Vermont Blues Festival @Mount Snow.  Tickets required.

August 28:
Red Fire Farm's Tomato Festival @Red Fire Farm, 7 Carver Street, Granby.   Admission Fee.

Sept 3-6:
3 County Fair @3 County Fairgrounds, Northampton.  Admission fee.
Blandford Fair @10 North Street, Blandford.  Admission fee.

Sept 7-12:
Brimfield Antique Show

Sept 9-12:
Franklin County Fair @Franklin County Fairgrounds, Greenfield.  Admission fee.

Sept 11:
Annual Honeybee Festival @Warm Colors Apiary, 2 South Mill River Rd, South Deerfield.  Free admission.

Sept 12:
COVAC Benefit Bike Race

Sept 17-Oct 3
The Big E @Eastern States Expo, West Springfield.  Admission fee.

Sept 18-19:
Old Deerfield Fall Craft Fair @Village of Old Deerfield, outdoors.  Admission Fee.

Sept 23-26:
Belchertown Fair @Belchertown Town Common.  Free admission.

Sept 25-26:
Hancock Shaker Village Country Fair @HSV, 34 Lebanon Mountain Rd., Hancock.  Admission fee.

Oct 2-3:
Berkshire Harvest Festival @Berkshire Botanical Garden.  Admission included w/parking fee.
Garlic & Arts Festival @Forsters Farm, 60 Chestnut Hill, Orange. Admission Fee.

Oct 9-11:
Paradise City Arts Festival @3 County Fairgrounds, Northampton.  Admission fee.
Ashfield Fall Festival @Ashfield's Main Street.  Free admission.

Nov 6-21:
Fall Chrysanthemum Show @Botanic Garden at Smith College, Northampton.  Suggested donation.

Nov 12-13:
Twist Fair @ Northampton Center for the Arts, Northampton. Admission fee.

The Birds are Back

Any of you who followed my Livin' in the Belch blog know that one of the things I joyed in was the variety of birds at the feeder we had on our back deck.  It has taken four months of preparations at our new house, but yesterday (Saturday) I was finally able to put up our old feeder (by the kitchen window) and hang a new one (on the tall trunk of a recently debranched yew tree).  And today, we have birds.  Many many birds.  First and foremost, we have a half-dozen of the brightest yellow goldfinches; we also have black-capped chickadees, titmice, sparrows, a woodpecker, mourning doves, and a beautiful lady cardinal.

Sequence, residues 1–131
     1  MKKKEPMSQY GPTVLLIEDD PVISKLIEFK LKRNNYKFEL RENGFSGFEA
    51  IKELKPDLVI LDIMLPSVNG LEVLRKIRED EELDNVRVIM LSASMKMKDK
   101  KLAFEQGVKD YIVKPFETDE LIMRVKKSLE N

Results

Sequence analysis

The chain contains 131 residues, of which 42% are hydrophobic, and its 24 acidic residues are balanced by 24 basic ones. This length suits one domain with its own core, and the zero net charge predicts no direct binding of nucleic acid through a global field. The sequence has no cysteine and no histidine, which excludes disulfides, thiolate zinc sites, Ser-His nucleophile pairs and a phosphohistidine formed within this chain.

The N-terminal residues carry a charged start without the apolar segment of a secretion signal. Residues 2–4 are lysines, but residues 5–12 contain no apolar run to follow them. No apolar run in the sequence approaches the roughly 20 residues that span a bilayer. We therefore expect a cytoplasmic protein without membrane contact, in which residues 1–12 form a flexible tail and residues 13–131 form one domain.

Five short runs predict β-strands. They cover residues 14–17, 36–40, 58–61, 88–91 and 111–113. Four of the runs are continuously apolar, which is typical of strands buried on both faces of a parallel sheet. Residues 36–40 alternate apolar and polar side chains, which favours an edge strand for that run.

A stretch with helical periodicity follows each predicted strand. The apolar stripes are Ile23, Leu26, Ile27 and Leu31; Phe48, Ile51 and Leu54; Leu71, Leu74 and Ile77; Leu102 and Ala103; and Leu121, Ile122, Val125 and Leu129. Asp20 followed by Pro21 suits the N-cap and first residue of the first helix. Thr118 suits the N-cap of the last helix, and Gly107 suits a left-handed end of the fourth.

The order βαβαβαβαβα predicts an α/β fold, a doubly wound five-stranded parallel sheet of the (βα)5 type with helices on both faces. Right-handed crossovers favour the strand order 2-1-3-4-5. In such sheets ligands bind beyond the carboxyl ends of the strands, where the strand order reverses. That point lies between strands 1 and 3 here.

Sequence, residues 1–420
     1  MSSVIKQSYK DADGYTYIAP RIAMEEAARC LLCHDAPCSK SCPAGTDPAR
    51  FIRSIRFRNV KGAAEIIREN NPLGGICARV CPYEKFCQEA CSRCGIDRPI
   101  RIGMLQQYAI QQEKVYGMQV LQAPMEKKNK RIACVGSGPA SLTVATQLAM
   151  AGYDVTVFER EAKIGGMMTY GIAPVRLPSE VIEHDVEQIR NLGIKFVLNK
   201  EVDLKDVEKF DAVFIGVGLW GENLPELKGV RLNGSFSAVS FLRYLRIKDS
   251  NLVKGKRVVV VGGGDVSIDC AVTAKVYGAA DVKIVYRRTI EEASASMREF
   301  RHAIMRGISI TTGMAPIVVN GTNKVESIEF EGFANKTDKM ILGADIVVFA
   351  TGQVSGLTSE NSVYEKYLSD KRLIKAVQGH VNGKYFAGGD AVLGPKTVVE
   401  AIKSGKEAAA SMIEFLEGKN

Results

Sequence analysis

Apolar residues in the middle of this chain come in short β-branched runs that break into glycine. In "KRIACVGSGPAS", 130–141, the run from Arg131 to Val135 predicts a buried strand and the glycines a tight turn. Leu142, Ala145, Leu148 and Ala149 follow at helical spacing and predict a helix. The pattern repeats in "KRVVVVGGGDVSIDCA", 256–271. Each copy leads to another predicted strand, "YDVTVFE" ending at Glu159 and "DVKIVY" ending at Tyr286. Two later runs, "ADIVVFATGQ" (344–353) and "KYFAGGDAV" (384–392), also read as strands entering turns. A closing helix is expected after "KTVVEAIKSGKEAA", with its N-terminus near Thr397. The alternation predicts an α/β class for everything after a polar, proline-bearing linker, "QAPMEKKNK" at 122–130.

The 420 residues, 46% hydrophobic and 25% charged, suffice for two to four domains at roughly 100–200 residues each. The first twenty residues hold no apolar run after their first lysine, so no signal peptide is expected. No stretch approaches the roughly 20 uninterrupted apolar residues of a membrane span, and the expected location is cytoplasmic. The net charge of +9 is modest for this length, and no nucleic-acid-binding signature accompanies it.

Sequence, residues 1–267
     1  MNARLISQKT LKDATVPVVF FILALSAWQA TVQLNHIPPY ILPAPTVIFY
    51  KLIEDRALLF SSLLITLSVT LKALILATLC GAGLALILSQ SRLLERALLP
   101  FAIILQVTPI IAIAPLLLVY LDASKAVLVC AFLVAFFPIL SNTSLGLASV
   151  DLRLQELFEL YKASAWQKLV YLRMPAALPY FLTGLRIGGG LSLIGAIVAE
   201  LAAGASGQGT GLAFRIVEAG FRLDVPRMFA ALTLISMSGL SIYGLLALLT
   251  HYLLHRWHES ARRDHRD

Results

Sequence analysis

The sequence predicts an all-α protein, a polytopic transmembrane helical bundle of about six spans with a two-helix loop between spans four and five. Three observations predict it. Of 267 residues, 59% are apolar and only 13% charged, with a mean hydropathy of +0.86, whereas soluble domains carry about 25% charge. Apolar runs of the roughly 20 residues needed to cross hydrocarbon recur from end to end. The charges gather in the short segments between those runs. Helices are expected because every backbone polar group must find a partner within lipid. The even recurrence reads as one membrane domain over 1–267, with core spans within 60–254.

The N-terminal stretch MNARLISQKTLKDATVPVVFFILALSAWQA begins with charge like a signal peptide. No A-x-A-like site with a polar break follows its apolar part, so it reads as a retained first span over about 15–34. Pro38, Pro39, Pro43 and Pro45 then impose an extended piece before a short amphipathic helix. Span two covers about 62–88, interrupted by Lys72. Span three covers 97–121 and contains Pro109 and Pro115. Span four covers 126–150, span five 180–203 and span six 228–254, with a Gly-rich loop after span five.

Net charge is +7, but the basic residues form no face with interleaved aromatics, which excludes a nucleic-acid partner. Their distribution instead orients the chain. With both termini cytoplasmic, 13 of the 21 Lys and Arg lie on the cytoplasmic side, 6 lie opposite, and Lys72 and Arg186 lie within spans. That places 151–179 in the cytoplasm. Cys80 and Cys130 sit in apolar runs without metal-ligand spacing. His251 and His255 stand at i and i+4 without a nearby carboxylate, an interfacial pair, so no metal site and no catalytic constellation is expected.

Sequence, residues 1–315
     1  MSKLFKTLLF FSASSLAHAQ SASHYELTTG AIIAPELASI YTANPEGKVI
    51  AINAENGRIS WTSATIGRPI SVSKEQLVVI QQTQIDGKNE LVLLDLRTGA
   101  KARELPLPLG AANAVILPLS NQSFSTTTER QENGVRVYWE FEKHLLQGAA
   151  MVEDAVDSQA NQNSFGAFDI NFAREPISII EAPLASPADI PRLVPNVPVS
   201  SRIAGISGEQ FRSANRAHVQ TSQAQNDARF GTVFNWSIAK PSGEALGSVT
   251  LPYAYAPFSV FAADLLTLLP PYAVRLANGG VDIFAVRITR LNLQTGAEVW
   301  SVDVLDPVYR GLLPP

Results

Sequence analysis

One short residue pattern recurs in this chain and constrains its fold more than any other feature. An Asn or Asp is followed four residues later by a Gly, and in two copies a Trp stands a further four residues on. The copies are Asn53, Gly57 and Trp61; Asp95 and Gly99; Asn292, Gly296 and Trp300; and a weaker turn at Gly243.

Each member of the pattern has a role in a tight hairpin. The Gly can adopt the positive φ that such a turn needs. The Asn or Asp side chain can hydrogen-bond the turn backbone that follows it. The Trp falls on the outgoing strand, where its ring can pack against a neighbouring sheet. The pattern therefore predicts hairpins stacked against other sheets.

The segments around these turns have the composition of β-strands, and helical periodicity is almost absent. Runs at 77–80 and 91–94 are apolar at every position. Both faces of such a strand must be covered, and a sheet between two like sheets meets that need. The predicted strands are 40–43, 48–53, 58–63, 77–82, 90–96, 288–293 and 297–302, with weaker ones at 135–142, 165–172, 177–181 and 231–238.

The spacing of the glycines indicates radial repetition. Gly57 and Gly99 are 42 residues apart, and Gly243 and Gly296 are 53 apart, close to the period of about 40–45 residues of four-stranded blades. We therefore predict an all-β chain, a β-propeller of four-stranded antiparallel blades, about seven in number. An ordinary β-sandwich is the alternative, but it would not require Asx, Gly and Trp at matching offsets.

And one of the resident chipmunks, who keeps making dashes to the area under the birdfeeder and filling his cheeks.
More bird posts to come, for sure.  Have a great week.

Thursday, August 12, 2010

Vintage, Retro, Thrifty: Great Old Clothes

I used to love my vintage clothing stores in Salt Lake City and in Boston.  It was Grunts and Postures in SLC that finally reduced my dependence on my mother's closet and encouraged me to expand my vintage clothing collecting to stores beyond the Salvation Army and Deseret Industries.  Funky, cool, vintage, retro, new -- it had it all, and even though I didn't have much money, I loved what I found and could afford.
Later I moved to Massachusetts, and I found and was directed by other vintage clothing wearers to a number of second-hand stores and vintage clothing stores (included the ever-famous Garment District) to fuel my love of the classic and off-beat looks.  When I relocated to Western MA, however, I had a harder time tracking down the right shops.  Until last Friday.

Roz's Place was perhaps the easiest to find.  Right on Bridge Street in Northampton (where all of these stores are located), it's someplace I walk by monthly, at least.  It has a funky collection for men and women with some new and some old.  The collection rotates seasonally, and right now there is a whole rack of plaid flannel and wool shirts and another whole rack of leather coats.  Of course, there is also a large selection of skirts and dresses and men's and women's shirts and pants and shoes.